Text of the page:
Become a member
to unlock all features

Level Up!

Access all courses & lessons on egghead today and lock-in your price for life.


    Apply Stateful Computations To Functions

    Ian Hofmann-HicksIan Hofmann-Hicks

    When building our stateful computations, there will come a time when we’ll need to combine two or more state transactions at the same time to come up with a new result. Usually this occurs when want to use plain ol’ JavaScript functions with two or more a arguments as part of our stateful computations.

    We first look at how this can be accomplished by using chain and closure to get access to both functions. Then we will explore how we can leverage the of construction helper and the ap State instance method to clean this type of interaction up a bit. We then conclude with an even cleaner approach that takes full advantage of a crocks helper function named liftA2.



    Become a Member to view code

    You must be a Member to view code

    Access all courses and lessons, track your progress, gain confidence and expertise.

    Become a Member
    and unlock code for this lesson




    Instructor: I need that often arises when combining stateful computations requires the ability to combine multiple state transactions concurrently. To explore some techniques for handling these cases as they come up, let's have a quick tour of the bits on our work bench.

    First, we plug the getConstruction helper of our state constructor and bringing these two helper functions. Then, we define two state accessors. The first being get first, which is the state string of string that extracts the first name from our state by using getWord to grab the first word of a given string.

    We also have getLast which is also a state string of string. It uses the same means of extraction as getFirst. Using these accesors, we'd like to take both of the names and format them into a new string that puts the last name first and separates them with the comma. We'll enlist this namify function to take care of the formatting for us. All things have to start somewhere, let's kick this off by creating a state instance that will simply named format.

    We define format to be a state string of string. As namify needs the first name first, we'll start with getFrist. Next, we'll use our log function to see what that gets us by passing and format, and saving it down to see we get back a lazy old state instance, which will run with an initial state of Robert Paulson, which in turn gives us back a pair Robert Robert Paulson.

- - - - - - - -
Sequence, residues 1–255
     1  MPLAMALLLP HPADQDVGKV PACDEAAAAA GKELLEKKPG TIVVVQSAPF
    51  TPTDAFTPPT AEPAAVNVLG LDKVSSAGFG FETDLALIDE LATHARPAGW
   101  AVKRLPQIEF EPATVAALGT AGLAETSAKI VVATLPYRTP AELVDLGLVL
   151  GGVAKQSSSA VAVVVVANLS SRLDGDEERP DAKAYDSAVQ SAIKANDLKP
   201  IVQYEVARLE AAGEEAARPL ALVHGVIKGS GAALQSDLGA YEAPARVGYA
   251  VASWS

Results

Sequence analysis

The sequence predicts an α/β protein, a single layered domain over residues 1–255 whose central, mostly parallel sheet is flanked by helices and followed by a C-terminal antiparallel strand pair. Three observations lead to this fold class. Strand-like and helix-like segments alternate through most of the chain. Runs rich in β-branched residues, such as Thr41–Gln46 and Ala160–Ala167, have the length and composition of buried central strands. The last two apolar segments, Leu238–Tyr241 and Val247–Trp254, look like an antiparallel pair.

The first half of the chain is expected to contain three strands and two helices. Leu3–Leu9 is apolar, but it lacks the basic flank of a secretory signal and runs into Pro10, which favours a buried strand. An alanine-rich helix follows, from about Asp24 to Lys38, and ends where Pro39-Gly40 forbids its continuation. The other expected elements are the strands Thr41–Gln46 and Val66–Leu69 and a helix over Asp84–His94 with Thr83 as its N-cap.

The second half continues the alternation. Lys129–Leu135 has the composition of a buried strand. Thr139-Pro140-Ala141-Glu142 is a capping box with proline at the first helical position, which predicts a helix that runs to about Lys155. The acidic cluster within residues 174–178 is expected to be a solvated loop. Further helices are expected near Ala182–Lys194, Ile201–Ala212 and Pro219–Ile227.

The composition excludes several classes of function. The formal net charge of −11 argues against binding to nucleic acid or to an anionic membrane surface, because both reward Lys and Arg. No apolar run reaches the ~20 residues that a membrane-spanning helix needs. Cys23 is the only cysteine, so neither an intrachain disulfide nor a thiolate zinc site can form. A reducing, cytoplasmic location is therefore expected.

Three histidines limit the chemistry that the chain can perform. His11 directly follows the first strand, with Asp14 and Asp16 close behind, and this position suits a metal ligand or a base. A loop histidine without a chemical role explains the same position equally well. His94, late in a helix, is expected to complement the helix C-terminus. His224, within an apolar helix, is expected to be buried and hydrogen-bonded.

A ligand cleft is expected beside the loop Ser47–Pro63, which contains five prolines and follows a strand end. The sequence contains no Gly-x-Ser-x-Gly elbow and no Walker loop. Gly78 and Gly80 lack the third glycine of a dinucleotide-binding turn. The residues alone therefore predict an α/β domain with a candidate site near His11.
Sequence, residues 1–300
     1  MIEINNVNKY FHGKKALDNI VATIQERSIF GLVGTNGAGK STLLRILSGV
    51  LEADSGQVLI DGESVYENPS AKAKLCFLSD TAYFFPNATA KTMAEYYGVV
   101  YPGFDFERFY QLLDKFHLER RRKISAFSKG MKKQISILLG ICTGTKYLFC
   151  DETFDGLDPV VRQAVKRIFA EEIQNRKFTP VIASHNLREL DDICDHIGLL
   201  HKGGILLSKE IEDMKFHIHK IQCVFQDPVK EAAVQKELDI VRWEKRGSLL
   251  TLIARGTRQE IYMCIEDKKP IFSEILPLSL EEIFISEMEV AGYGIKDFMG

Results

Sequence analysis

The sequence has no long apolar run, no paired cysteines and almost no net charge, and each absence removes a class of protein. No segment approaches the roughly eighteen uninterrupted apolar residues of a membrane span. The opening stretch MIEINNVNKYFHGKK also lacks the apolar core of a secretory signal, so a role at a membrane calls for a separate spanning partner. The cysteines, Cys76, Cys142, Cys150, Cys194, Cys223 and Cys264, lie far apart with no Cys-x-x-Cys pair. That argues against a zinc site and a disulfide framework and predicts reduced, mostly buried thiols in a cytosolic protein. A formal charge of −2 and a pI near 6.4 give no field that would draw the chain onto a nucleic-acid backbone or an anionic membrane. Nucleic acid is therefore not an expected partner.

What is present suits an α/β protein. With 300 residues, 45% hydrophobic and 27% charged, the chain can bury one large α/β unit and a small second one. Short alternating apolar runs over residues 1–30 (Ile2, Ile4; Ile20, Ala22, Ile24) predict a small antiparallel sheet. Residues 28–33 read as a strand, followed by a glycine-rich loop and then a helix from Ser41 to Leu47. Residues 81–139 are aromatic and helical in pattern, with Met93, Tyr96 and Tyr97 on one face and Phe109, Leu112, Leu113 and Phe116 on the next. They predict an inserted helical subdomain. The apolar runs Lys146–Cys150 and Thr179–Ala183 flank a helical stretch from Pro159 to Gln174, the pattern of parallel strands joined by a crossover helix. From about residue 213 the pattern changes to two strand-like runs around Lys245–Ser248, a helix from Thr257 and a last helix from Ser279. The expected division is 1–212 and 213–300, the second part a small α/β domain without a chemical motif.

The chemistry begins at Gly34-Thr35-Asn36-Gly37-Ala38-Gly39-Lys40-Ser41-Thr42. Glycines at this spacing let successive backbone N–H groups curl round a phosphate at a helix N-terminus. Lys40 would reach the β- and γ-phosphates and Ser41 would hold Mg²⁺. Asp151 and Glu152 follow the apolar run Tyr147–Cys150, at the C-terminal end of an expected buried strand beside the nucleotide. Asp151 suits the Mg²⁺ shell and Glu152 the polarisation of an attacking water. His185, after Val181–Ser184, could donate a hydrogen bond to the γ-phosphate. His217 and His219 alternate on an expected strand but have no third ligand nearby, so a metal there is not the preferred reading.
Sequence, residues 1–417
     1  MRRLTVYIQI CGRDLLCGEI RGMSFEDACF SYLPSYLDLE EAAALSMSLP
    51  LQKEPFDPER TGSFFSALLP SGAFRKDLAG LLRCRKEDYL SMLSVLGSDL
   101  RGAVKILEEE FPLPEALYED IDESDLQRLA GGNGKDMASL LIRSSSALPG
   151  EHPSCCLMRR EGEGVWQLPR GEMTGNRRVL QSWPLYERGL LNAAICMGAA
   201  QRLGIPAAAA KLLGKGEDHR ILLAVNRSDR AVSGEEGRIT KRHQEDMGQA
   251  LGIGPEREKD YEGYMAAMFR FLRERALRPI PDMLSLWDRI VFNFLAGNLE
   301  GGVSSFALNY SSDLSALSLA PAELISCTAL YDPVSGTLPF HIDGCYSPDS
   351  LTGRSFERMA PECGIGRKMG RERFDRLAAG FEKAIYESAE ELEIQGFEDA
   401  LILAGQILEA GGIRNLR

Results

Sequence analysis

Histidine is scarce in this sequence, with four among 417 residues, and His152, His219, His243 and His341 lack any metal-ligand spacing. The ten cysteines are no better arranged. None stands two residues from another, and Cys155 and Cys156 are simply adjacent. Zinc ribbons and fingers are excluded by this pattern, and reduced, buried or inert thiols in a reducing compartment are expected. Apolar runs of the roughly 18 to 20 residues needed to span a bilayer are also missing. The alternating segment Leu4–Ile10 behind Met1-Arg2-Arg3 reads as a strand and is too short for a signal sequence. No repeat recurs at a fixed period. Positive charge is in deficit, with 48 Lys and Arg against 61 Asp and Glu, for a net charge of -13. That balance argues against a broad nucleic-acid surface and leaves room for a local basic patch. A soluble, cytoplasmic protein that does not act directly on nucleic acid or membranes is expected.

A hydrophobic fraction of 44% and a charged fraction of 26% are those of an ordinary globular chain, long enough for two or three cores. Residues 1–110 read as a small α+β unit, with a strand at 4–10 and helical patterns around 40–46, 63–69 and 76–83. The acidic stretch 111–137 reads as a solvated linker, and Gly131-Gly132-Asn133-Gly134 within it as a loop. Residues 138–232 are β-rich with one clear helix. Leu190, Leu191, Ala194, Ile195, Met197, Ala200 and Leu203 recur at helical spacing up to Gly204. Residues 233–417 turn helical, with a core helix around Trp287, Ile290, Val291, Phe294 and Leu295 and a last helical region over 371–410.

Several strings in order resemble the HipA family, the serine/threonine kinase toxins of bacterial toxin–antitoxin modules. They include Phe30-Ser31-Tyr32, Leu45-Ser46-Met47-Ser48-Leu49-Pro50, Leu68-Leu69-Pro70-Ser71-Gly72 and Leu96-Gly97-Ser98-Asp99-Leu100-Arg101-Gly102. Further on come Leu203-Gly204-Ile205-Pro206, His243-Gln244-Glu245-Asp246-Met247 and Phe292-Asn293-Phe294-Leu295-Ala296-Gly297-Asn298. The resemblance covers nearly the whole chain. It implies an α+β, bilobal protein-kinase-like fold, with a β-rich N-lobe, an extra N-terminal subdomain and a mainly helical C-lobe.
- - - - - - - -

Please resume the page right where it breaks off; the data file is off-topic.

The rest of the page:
We're really only concerned with the resultant right now. We'll use the WOW with to run our instance, seeing our expected Robert. With the first name got, we now need to access the last name for namify.

    One way to accomplish having both first and last and scope is by using chain. We chain in a function that unwraps our first name F and returns our getLast accessor, resulting in the last name Paulson for our resultant.

    To apply both resultants to namify, we just need a map over getLast with namify partially applied with F getting back our Paulson, Robert. While we super duper got this working, it's pretty horrible to look at and will properly be hard to grock, if we ever need to get back in here again.

    I think we may be able to do a much nicer job by leaning on a state instance method name ap. AP is short for apply and it's defined on a state S with the function A to B in the resultant. We pass it as state S of A, which it'll apply the A to our function and wrap the result in a new state S of B.

    We'll be taking a much different approach using ap. We'll first clean a little house and start fresh for formats body. We're immediately presented with our first challenge. Looks like we need to start with the function and our resultant.

    One way we can do that is to use the arg construction helper, which is defined on the state constructor. Arg takes any given type A as input and gives us back a state S of A. As A can be any type, that means it can also be a function. Let's use arg by calling it with our curried namify function.

    Seeing that our resultant now contains our function. We now need to apply the first name to our REPT function, which will get us back another function ready for the last name. We just call ap on our instance passing our getFirst accerssor, resulting in a new instance with the function in our resultant.

    To apply the last name, we just use ap to apply the getLast accessor. With all arguments applied to namify, we get back our expected Paulson, Robert. With the little rearrangement, we can relieve arg of it's duty, so they can get back to more important things.

    We'll replace this ap call with map, supplying namify for its expected function, and use it to map over our getFrist applying our first name to the namify function. This leads us with our partially applied function and the resultant ready for our application of getLast.

    One thing to note is that this interface allows us to lift any curried function into any AVT that implements it, not just our beloved state. Crocks provides a helper function called lift A to that will lift any binary function and applied to it two instances of a given date type that implements ap.

    Giving us back the result wrapped up in the given data type. We'll replace our format body one last time calling lift A to for this go around, passing it our binary namify function followed by our two state instances, getFirst and getLast.

    With the quick save, we'll remember that his name was Paulson, Robert.